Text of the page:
From “Growing in the character of a disciple”: Chapter 13 – Some common errors and areas of confusion about what forgiveness is and how, and why, we are to do it
The same principles apply as with the original wrongdoing. So, along with the difficulties that come from the original wrong, you have the extra ordeal of facing the wrongdoer and seeing him, large as life. Perhaps he is even attending the same church as you, despite showing no apparent repentance. It may be that nobody thinks it matters, or is willing to confront him about it on your behalf.
Jesus is still the one who will judge these additional, ongoing offences. It is all going to be dealt with by Him, just as the original wrong will be. We can still step aside and leave each new violation to Him, in just the same way. We can hand it over to Jesus each day, tell Him how we feel, ask Him to deal with it and then go on to forgive the wrongdoer as a decision of our will.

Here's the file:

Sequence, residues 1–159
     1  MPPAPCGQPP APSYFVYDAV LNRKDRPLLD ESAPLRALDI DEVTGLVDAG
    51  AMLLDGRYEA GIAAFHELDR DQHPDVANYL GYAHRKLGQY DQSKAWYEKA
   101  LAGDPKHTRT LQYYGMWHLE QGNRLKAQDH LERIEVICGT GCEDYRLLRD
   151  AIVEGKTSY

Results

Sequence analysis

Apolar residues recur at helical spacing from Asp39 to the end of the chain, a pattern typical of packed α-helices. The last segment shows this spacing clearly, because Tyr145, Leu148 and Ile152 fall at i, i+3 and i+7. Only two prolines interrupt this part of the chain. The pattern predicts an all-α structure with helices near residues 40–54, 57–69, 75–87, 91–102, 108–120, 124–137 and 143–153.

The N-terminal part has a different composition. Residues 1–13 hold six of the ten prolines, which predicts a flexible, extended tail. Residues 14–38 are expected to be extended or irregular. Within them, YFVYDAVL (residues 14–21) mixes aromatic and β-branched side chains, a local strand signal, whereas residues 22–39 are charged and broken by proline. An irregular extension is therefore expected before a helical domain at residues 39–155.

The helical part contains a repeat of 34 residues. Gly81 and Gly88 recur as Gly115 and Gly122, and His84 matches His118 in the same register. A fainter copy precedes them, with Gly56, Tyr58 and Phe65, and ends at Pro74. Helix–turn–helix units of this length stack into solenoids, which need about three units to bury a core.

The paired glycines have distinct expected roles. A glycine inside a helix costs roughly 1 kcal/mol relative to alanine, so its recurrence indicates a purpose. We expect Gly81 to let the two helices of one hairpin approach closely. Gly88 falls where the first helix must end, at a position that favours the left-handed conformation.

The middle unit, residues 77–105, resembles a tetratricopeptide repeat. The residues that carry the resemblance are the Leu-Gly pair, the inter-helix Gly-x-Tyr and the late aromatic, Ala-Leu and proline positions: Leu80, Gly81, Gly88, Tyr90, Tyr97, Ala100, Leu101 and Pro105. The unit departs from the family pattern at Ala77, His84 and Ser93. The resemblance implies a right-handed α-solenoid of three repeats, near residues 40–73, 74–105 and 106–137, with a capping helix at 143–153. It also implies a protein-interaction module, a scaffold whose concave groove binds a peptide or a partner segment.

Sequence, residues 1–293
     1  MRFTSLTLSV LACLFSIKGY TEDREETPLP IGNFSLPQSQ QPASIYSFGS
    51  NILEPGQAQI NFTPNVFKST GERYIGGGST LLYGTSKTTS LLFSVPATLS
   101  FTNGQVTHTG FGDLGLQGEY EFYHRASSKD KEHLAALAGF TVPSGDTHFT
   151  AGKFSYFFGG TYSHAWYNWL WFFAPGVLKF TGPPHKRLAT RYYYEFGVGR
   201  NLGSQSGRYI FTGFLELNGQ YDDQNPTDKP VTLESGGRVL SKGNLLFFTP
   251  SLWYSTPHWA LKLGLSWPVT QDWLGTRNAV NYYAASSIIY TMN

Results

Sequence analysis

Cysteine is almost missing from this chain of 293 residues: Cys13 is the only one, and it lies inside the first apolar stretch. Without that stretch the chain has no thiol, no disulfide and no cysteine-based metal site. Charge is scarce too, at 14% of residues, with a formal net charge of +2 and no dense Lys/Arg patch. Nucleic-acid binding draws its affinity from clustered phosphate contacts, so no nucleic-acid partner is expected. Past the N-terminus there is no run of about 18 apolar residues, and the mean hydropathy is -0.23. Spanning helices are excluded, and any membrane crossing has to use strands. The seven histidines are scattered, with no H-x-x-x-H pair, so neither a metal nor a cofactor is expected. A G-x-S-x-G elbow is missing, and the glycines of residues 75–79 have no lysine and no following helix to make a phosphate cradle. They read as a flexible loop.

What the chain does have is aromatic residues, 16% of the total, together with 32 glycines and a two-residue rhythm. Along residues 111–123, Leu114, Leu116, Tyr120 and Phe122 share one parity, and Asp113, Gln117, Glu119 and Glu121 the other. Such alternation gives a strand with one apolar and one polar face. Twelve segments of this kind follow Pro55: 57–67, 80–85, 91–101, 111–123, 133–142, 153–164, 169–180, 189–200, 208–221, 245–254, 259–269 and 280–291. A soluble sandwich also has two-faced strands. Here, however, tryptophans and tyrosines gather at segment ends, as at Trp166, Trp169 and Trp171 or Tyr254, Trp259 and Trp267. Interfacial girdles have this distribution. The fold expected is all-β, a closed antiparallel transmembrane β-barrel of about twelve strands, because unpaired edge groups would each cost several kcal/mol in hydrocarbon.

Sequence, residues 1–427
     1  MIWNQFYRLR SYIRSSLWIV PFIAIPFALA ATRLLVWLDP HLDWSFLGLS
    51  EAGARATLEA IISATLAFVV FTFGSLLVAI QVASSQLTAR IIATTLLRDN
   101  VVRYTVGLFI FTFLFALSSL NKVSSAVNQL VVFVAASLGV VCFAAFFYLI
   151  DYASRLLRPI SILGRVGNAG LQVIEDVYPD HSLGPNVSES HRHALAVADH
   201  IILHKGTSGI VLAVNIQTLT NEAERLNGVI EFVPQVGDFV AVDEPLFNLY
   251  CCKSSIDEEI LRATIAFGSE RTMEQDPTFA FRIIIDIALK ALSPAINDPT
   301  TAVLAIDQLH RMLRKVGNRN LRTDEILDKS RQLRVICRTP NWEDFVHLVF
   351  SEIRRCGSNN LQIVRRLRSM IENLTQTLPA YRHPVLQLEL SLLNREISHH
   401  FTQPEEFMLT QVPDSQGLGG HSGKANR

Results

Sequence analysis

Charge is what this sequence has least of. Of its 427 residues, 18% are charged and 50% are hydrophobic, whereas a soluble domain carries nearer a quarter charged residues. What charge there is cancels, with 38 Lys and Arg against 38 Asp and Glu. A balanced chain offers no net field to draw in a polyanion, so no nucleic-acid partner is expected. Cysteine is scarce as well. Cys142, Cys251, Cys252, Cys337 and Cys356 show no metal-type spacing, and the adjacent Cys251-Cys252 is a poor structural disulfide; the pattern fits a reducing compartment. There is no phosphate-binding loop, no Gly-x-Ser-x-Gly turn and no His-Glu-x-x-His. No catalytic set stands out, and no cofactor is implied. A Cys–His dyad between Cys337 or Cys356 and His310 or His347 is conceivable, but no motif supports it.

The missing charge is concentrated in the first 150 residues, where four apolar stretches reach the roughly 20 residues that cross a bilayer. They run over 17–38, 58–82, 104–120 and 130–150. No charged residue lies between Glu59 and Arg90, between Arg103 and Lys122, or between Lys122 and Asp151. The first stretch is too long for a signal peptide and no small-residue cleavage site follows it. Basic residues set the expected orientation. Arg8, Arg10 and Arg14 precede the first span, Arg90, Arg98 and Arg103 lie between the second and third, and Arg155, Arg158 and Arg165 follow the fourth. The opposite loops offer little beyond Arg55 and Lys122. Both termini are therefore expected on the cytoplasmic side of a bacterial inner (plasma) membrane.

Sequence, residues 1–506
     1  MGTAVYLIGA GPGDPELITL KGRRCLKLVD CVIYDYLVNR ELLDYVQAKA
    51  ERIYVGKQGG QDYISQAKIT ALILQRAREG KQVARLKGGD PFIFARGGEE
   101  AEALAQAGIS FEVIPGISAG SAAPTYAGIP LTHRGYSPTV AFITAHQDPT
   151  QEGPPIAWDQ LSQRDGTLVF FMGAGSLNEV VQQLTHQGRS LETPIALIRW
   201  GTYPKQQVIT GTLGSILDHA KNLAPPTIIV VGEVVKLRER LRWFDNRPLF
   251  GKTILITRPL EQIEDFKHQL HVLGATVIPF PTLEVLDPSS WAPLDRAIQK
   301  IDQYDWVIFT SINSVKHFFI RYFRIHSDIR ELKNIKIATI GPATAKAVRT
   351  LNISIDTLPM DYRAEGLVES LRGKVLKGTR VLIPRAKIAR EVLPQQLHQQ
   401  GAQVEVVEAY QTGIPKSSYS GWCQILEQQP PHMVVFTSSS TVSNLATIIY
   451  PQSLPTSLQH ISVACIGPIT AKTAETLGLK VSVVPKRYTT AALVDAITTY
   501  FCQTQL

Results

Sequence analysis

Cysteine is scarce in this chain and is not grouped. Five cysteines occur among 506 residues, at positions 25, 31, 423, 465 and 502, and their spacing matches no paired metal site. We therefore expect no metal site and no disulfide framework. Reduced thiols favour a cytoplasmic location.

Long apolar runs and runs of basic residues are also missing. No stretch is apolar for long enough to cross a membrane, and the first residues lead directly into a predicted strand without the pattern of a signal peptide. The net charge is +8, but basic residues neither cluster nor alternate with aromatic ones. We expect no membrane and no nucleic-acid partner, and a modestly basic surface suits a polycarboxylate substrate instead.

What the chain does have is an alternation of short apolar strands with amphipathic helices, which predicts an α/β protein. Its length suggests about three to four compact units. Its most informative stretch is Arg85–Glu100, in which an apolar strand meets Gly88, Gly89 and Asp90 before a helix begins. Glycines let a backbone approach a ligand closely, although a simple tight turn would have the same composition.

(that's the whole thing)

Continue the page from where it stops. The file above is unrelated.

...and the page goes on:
If need be, we can do this over and over again, as many times as it takes, even “seventy times seven”, as Jesus said. That said, we also need to be realistic. So, if the wrongdoer’s brass-faced attitude is offending you, why not consider altering your daily routines, or travel times, or the place where you sit, so as to avoid coming into any further contact with him, or at least minimizing the contact?
There is no reason why you shouldn’t do that. It is not inconsistent with genuinely forgiving, and it may well be a big help. However, if the avoidance of further contact isn’t possible, for practical reasons, we just need to keep on forgiving. We should also ask God to help us to do so, and also to help us at an emotional level to deal with our feelings, even though those are not directly involved in the decision to forgive.
Those feelings may not be what forgiveness is about, but they still matter to us, and they also matter to God. He created us with emotions and it is possible for us to have feelings, even very strong ones, without degenerating into unforgiveness, or into any other form of sin, as a result.